Lance Briggs‘ season is over after the Bears placed him on injured reserve with a groin injury yesterday. With his contract up in March, many pundits have suggested that this will call to a close his career in Chicago, where he spent 12 years with the team.
Although it seems like a foregone conclusion that he will not be returning to the Bears in 2015, that does not mean the end of the road for Briggs altogether. Briggs has no plans to retire, and will test free agency this offseason, reports Dan Wiederer of the Chicago Tribune (via Twitter).
Briggs’ 12 seasons with the Bears have placed him among the franchises all-time great defensive players. He missed only four games in his first ten years with the team, earning seven trips to the Pro Bowl during that time. He was also named All-Pro three times, in 2005, 2006, and 2009.
His 170 starts as a Bear puts him among the top five in franchise history, alongside such names as Walter Payton, Mike Singletary, Olin Kreutz, and Brian Urlacher. He and Urlacher anchored a defense that was frequently among the best in the NFL.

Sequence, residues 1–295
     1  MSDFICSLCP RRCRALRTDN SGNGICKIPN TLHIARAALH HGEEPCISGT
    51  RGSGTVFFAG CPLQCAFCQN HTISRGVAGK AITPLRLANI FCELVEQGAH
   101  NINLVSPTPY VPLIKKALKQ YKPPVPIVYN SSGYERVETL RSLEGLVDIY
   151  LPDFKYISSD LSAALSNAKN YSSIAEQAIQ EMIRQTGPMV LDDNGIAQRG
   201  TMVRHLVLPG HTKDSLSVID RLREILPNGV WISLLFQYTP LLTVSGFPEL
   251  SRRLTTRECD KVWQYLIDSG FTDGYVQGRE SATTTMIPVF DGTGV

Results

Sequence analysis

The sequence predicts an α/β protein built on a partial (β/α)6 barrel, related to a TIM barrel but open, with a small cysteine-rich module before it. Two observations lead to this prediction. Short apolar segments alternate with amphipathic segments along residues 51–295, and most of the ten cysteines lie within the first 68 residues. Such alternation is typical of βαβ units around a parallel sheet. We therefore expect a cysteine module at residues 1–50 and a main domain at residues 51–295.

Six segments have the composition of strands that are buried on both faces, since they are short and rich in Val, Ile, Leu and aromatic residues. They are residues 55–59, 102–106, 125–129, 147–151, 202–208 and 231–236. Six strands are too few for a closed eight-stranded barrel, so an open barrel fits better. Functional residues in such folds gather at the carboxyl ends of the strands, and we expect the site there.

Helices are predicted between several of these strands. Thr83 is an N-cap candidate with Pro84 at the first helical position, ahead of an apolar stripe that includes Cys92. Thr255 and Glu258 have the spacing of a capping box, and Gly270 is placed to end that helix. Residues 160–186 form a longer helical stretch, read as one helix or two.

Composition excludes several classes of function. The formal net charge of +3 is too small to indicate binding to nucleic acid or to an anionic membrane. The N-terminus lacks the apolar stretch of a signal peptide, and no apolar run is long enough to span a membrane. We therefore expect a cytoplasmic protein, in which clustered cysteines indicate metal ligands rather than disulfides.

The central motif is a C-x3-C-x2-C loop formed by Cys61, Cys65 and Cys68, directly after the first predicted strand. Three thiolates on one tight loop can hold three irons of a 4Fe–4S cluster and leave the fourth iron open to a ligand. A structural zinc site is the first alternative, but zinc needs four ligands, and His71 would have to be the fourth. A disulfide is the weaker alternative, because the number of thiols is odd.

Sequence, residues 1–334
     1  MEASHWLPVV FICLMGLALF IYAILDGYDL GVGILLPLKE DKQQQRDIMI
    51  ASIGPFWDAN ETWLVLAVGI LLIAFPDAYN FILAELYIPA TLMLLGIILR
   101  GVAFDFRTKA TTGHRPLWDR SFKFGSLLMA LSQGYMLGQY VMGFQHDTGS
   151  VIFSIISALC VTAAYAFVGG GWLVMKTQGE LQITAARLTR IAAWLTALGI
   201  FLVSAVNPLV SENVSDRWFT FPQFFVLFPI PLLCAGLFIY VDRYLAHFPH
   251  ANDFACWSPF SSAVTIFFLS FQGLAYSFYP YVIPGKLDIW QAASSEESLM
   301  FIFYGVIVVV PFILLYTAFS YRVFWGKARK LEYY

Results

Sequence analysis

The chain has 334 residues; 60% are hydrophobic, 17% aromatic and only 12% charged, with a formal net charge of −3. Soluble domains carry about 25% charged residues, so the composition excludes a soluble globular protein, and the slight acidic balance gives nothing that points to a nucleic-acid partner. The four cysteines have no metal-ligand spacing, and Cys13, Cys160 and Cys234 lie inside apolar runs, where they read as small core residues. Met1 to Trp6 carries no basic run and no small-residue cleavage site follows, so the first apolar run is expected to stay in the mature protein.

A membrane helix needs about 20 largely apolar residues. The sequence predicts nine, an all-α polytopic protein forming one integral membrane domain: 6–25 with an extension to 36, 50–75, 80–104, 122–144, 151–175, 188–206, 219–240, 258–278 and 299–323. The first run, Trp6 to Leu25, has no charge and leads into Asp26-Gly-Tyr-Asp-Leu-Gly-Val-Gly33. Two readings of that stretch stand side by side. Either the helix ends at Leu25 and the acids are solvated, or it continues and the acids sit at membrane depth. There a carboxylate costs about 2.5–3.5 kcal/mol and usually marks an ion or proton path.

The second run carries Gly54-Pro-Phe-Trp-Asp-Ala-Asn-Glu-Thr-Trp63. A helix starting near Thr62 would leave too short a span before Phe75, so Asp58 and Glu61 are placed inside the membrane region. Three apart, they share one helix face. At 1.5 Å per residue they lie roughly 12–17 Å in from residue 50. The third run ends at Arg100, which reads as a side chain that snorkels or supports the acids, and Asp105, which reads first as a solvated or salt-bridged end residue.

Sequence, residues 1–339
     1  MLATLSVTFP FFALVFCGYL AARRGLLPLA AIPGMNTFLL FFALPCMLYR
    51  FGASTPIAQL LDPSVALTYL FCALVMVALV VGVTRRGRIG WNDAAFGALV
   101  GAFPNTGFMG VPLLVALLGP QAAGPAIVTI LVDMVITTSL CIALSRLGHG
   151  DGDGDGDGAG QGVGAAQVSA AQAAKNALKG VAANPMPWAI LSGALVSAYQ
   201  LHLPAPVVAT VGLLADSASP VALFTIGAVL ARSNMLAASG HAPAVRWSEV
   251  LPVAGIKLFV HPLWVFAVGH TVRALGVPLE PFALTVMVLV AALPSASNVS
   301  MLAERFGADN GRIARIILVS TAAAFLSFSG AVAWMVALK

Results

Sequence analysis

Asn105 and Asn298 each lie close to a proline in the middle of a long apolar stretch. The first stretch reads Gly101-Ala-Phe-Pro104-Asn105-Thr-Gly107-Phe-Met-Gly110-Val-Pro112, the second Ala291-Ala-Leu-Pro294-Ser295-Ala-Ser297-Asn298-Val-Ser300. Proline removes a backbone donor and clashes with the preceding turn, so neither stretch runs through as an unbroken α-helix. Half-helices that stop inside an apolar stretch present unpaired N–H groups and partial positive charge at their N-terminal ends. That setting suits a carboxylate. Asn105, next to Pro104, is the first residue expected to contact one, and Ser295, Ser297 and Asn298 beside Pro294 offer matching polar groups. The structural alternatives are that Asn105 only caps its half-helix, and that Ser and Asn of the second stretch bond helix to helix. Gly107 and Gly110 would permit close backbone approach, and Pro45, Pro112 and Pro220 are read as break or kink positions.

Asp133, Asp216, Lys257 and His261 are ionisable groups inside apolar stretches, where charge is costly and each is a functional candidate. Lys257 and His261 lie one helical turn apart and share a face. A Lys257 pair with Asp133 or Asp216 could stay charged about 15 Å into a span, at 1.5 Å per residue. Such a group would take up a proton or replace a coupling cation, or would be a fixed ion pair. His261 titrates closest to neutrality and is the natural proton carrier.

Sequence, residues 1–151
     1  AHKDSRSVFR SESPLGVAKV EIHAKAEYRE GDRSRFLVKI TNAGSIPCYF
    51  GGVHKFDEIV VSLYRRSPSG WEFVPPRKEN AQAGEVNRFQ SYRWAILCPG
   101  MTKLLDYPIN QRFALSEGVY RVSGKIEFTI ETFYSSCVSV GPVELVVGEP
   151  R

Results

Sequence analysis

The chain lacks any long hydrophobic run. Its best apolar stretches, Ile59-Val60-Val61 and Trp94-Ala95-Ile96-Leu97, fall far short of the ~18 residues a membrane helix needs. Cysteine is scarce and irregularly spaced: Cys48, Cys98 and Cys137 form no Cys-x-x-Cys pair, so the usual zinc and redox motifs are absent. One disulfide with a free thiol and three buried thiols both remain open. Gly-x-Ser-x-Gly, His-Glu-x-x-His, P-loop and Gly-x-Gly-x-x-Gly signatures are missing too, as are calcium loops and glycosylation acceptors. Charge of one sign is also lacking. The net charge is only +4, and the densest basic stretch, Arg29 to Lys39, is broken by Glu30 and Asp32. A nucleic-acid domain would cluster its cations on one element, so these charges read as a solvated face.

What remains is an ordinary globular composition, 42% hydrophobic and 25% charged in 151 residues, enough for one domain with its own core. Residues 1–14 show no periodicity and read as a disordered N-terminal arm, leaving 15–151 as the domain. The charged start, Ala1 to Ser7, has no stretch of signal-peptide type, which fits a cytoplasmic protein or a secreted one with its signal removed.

Still, his play declined in his final years with the team, struggling with performance and with injuries after head coach Lovie Smith left town. He played in only eight games in 2013 and will finish 2014 only appearing in nine games.
Additionally, Briggs will turn 35 in 2015, and given his recent injury history, he may not be a hot commodity as a free agent. He also plays a non-premium position as a 4-3 outside linebacker, and those spots are often filled with younger talents and mid-round draft picks.
One obvious fit would be a reunion with his old coach Smith in Tampa Bay, where he could join a young defense headlined by stars Lavonte David and Gerald McCoy. Under Smith, there has been upheaval on the defense as the coach attempts to bring in his own talent, and it can be seen most notably as the secondary has roster turnover. Briggs could be a key in Smith implementing his scheme to the younger players.
Outside of the Buccaneers though, desire for the former Pro Bowl linebacker will most likely be limited, and he may be forced to sign for the veteran’s minimum if he is intent on continuing his NFL career.